Jan 7, 2015 | By Kira

Where would you rather be on a Saturday morning? Battling the crowds to buy totally impersonal home accessories at your local Ikea, or sitting in the comfort of your living room, designing and 3D printing your very own, completely customized accessories, decorations, and appliances?

3D printed toilet seat

3D Printlife and their spokesman, Joel Rush, have set up an impressive, life-size replica of Joel’s 3D printed apartment at this year’s International Consumer Electronics Show (CES) in Las Vegas, asking you to rethink your idea of interior design. The apartment has been featured in their web series, Joel Rush’s 3D Printlife, and features dozens of snazzy tools and accessories, all of which he printed himself.

The series follows Joel, along with his adorable French Bulldog Ted, as they transform his ordinary, ‘barebones’ apartment into a much more functional and attractive bachelor pad.

Using digital templates from 3Dprintlife.com, Joel has created accessories for his kitchen, living room and bathroom. The series highlights not only the creative possibilities of 3D printing, but also just how time and cost-effective it can be.

In the first episode, he shows how in 15 minutes, he solved the problem of squeaky shower curtain rings by 3D printing his own for only 25 cents. In another episode, he 3D prints a butter dish and matching salt and pepper shakers for under $7, and then proceeds to eat a baked potato using a 3D printed plate, knife and fork. The only thing in the episode that wasn’t 3D printed was the microwave and the potato itself.

The series also explains what kind of printer Joel has used, which model he chose from the 3D Printlife Marketplace, as well as the settings and materials used (i.e. the fast-print setting on the Up! Mini, for when he needed an emergency pair of cufflinks—that only cost him 12 cents.)

3D Printlife is known as the #1 trusted and specialized reseller in 3D printing, providing 3D printers, printing materials and filaments, and a large selection of 3D design models ranging from desk accessories to fantasy to pet supplies—including templates for all the objects that appear in Joel’s apartment.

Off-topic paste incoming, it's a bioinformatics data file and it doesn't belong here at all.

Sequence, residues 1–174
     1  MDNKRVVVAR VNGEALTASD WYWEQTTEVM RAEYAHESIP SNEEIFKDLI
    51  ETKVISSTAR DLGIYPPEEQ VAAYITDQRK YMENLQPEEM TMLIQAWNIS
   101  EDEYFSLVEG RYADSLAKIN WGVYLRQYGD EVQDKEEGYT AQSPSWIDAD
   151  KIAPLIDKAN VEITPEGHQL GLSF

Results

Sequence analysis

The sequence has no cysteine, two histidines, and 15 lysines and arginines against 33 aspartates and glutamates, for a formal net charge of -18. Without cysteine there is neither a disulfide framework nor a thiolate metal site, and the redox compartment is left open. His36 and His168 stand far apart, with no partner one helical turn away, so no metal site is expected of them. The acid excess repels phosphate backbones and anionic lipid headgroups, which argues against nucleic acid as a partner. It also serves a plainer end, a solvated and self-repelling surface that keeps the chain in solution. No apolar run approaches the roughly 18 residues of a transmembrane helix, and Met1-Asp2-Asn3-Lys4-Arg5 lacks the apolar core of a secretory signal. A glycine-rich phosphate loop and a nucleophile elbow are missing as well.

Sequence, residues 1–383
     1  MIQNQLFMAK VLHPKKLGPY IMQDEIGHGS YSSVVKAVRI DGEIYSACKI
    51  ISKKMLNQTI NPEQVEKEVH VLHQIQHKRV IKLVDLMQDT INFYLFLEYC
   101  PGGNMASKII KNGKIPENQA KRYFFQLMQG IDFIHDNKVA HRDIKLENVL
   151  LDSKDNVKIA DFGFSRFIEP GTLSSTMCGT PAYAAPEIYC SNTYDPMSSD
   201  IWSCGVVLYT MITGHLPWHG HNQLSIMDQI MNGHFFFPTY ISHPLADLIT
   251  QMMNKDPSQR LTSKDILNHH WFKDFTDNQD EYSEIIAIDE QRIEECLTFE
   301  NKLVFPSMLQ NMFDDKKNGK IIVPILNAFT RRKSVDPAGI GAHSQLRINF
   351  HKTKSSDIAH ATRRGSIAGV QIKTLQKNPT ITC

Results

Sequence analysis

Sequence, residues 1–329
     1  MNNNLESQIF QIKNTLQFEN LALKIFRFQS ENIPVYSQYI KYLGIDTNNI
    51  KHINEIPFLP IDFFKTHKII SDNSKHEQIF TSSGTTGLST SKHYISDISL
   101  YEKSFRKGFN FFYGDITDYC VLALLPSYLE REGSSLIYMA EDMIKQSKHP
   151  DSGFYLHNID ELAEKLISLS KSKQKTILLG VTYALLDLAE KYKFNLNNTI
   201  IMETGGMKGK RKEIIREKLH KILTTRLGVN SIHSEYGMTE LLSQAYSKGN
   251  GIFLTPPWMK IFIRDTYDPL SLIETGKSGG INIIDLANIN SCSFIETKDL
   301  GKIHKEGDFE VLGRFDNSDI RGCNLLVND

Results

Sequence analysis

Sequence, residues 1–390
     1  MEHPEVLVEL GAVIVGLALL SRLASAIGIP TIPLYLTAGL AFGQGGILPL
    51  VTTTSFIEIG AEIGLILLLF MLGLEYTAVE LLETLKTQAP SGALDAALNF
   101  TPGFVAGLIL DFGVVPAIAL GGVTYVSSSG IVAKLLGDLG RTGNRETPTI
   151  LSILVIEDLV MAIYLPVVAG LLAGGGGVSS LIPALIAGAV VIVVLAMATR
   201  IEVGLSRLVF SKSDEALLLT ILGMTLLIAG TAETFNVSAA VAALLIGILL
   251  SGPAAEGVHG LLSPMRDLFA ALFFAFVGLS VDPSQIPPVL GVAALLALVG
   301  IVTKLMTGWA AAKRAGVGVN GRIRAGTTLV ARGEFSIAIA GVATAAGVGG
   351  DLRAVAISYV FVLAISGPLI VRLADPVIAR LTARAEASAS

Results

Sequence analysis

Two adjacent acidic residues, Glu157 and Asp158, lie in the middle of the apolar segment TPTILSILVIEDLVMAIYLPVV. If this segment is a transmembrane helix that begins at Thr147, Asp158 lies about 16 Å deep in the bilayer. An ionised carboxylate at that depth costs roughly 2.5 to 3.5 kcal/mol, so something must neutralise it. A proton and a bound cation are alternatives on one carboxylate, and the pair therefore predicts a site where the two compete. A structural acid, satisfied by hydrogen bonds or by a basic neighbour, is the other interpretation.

At last year’s CES, 3D Printlife featured a ‘powerhouse’ line up of products, including radial design models, 3D printers, and exclusive appearances from fashion designers Justin Leblanc of Project Runway fame, and Michael Schmidt, who collaborated on Dita Von Teese’s infamous 3D printed gown.

This year, they’ve taken a more accessible and interactive approach by recreating Joel’s apartment, including the living room, bathroom and kitchen. Each room features dozens of 3D printed household goods, decorations, tools, and other useful products (like his bright red keychain and matching keychain hook), which visitors are encouraged to test out and play with.

Both the series and the demonstration at CES show just how useful, accessible, and cost-effective 3D printing can be in our daily lives. While there will always be a soft spot in our hearts for Ikea’s cheap and modestly-DIY approach to home-decorating, when it comes to fully customizable pieces that you can make in your very own home, 3D printing can’t be beat. 



Posted in 3D Printing Applications


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